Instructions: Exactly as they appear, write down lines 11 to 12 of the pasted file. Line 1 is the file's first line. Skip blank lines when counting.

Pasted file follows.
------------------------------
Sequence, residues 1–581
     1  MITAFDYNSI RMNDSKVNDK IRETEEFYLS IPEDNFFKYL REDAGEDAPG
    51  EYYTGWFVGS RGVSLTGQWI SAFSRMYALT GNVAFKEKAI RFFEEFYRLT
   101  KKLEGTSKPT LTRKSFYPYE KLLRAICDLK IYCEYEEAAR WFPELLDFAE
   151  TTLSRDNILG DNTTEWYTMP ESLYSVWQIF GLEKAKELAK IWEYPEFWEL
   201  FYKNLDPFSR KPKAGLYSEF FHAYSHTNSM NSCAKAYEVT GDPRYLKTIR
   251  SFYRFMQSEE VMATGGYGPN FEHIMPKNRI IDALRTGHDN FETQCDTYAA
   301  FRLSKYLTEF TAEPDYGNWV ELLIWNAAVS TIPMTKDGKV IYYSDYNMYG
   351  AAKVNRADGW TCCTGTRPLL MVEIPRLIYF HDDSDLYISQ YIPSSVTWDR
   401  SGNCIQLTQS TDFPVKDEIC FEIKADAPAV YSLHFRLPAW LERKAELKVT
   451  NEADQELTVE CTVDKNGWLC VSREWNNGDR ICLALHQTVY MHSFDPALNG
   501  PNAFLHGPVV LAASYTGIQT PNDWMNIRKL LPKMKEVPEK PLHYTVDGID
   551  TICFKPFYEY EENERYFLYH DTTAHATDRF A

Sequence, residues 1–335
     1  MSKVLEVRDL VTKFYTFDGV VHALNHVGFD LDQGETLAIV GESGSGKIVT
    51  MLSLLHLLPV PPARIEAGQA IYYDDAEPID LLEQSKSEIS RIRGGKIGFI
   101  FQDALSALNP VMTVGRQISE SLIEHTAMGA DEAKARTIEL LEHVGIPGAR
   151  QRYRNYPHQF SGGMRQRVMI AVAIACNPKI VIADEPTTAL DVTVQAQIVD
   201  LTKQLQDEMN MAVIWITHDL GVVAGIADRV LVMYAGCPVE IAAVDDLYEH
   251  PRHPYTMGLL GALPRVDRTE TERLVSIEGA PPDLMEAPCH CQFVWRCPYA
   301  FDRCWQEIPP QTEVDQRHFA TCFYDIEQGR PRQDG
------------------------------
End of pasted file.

   451  NEADQELTVE CTVDKNGWLC VSREWNNGDR ICLALHQTVY MHSFDPALNG
   501  PNAFLHGPVV LAASYTGIQT PNDWMNIRKL LPKMKEVPEK PLHYTVDGID